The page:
Nancy Grace: I don't have to agree with Casey Anthony jury
HLN host and former prosecutor Nancy Grace broadcasts live during verdict watch in the Casey Anthony trial this week.
July 6th, 2011
08:56 PM ET

Nancy Grace: I don't have to agree with Casey Anthony jury

HLN host Nancy Grace has been credited with making the Casey Anthony case a national story. She has been outspoken in her belief that Anthony is guilty of murdering her daughter, despite a jury's verdict. She's also a former prosecutor with strong opinions about what went on in the Florida courtroom in the past few weeks. She spoke with CNN.com about how she would have tried the case, the "CSI effect" on juries and why she doesn't "give a fig" about what Anthony's defense team thinks about her.

Grace: As I’ve always said since 1984, when I started trying cases, you win or lose your case - it’s all over at the end of voir dire (jury selection). I’ve always believed that. It’s true. I think this jury hamstrung the state. The state absolutely put up a good case and I get real fed up when I hear this is a circumstantial case. Most cases are circumstantial because rarely do people commit felony crimes in the open. Murder, armed robbery, you do it in private, in secret, so very rarely is there an eyewitness or direct evidence to a crime.

CNN: Watching a case like this, do you miss the courtroom and prosecuting cases?

Grace: I always miss the courtroom. I miss the courtroom all the time because the courtroom gave me immediate gratification. I knew I’d done something worthwhile when I put someone behind bars or represented crime victims, I knew I had a done a good thing by speaking for people who couldn’t speak for themselves. I don’t get that immediate gratification from being on TV.

CNN: As a former prosecutor, if you could retry this case, how would you do it differently?

Grace: I think they did such a very good job it’s hard to attack anything they did. I think maybe I would’ve taken a different tack in jury selection but that’s really it. There were some obvious problem jurors: You had one on there with an arrest for DUI; another with an arrest for drug paraphernalia; one whose sister and her boyfriend beat up their father; one juror who said she could not judge. Why the heck would you not want someone off the jury who cannot judge? The jury is the sole judge of facts, evidence and the law. Who the heck wants someone who can’t judge? They tried to get rid of them but were not successful. I think the jury was snakebitten from the get-go.

CNN: What do you think is the most important piece of evidence that the jury never saw or heard?

Grace: I don’t believe they saw all of the audiotapes or heard all the videotapes (of Casey Anthony’s jailhouse phone calls). I think the so-called bodyguard or bail bondsman had a lot to offer, his discussions with tot mom when she was referring to Caylee in the past tense before her body had been found, her being very flip about Caylee, being more concerned about a hot guy flirting with her on Facebook. Evidence of that nature.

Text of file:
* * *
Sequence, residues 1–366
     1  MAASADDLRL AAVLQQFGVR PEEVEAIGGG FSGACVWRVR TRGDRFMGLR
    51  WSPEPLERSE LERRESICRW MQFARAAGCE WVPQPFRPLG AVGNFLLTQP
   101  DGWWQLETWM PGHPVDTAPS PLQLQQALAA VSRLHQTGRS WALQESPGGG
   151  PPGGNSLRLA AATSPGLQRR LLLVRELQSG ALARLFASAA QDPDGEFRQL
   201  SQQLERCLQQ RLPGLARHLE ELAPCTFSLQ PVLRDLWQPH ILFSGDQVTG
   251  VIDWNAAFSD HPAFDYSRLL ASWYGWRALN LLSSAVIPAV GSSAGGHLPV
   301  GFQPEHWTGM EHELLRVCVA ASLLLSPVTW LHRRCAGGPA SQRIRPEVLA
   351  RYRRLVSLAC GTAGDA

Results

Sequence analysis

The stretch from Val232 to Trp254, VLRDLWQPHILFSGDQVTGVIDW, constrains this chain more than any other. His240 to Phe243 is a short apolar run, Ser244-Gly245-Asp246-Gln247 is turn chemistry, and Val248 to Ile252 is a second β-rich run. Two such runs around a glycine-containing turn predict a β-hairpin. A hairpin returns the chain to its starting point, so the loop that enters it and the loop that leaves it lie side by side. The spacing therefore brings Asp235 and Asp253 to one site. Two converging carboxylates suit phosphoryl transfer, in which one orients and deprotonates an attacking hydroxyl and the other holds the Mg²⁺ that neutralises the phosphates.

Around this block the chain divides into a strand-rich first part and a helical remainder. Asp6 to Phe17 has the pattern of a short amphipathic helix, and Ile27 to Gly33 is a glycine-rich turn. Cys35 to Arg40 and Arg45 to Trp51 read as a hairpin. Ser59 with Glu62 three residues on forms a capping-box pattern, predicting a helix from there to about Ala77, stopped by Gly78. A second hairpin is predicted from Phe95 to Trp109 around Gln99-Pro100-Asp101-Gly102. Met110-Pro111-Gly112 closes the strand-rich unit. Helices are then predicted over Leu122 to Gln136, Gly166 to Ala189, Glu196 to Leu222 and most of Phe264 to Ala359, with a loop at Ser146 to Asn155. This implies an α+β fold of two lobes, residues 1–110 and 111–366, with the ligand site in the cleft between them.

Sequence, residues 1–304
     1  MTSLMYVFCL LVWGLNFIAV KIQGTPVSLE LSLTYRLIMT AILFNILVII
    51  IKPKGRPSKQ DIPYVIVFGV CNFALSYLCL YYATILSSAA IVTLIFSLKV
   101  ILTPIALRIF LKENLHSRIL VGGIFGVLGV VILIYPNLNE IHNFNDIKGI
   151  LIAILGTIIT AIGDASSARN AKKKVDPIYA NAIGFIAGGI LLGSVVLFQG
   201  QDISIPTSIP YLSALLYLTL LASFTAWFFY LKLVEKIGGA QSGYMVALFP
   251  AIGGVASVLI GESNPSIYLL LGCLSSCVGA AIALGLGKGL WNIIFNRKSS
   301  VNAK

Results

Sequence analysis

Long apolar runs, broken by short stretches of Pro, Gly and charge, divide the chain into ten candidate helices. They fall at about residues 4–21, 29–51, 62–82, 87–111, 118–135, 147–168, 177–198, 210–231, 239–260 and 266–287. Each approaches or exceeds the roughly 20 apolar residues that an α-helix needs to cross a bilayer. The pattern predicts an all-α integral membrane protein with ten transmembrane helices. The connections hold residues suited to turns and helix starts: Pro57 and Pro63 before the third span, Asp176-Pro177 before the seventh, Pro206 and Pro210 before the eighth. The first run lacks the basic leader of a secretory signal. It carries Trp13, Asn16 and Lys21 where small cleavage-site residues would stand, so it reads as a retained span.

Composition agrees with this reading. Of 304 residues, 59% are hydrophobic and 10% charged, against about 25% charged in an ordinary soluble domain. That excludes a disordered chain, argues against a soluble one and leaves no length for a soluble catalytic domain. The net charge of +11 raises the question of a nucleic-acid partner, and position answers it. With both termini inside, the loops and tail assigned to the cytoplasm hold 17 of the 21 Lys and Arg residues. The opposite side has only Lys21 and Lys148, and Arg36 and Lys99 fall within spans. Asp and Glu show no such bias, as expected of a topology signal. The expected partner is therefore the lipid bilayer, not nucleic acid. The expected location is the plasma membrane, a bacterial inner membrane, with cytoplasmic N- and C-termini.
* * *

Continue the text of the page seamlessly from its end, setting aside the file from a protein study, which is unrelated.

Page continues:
There was another inmate that she allegedly discussed chloroform with, the fact there was absolutely an inmate who talked about a child floating in a pool in the backyard while the family was in the house … she lifted that story and transposed it onto Caylee. The fact that that inmate may not have had direct discussions with tot mom does not matter. … She did discuss it behind bars and within earshot of tot mom when they were in jail, on the cellblock at same time. I understand why the state didn’t do it, because when you start dealing with snitches and inmates it can blow up in your face.

CNN: What was the biggest weakness in the state’s forensic evidence, if any?

Grace: The single biggest weakness was the state didn’t have a cause of death. That is not required - there have been many, many cases with murder 1 convictions without any body. But the fact that the defendant can get rid of a body or let a body (be) hidden for so long that you cannot determine a cause of death is not a reason a defendant should get a benefit or a gold star or A-plus. I think the fact they didn’t have a cause of death hurt them because the jury could not understand the case or take it in. Juries have been watching too much "CSI" - they want murder weapon, DNA, fingerprints. In this case, there was no blood, no murder weapon. They wanted things that didn’t exist. They wanted a murder weapon – the murder weapon was tot mom’s hands. I also think the jury didn’t understand the law or felony murder. All said, it was a bad jury and I do not think it reflects on the case the state put up.

CNN: What did you think of the defense case? Did their experts neutralize the state’s experts?

Grace: I don’t think much of the defense case. However, when it gets so complex for jurors, the experts cancel themselves out.

CNN: How would you have handled Cindy Anthony? Should the state consider charging her with perjury?

Grace: I know she committed perjury but I don’t think a jury would convict her. I think that’s a very tough decision for authorities to make ... but no doubt what she said on the stand was not true.

CNN: People credit your involvement in highlighting the case early on. Looking back, is there anything you would have done differently?

Grace: The only thing I would’ve done differently is put on my hip boots and gone down to Florida and looked for Caylee myself.

CNN: What did you think of Cheney Mason’s statements that lawyers like yourself engaged in media assassination for the past three years?

Grace: I don’t recall him mentioning me by name but I think he’s more likely targeting local lawyers and members of the Florida bar who were discussing the case in the community. However, on the off chance he is, I really don’t give a fig. I mean, every time you take a stand on anything or stand up for anything, somebody’s going to dislike you and the fact that one of tot mom’s defense lawyers doesn’t like me doesn’t concern me in the least. I don’t like them much either.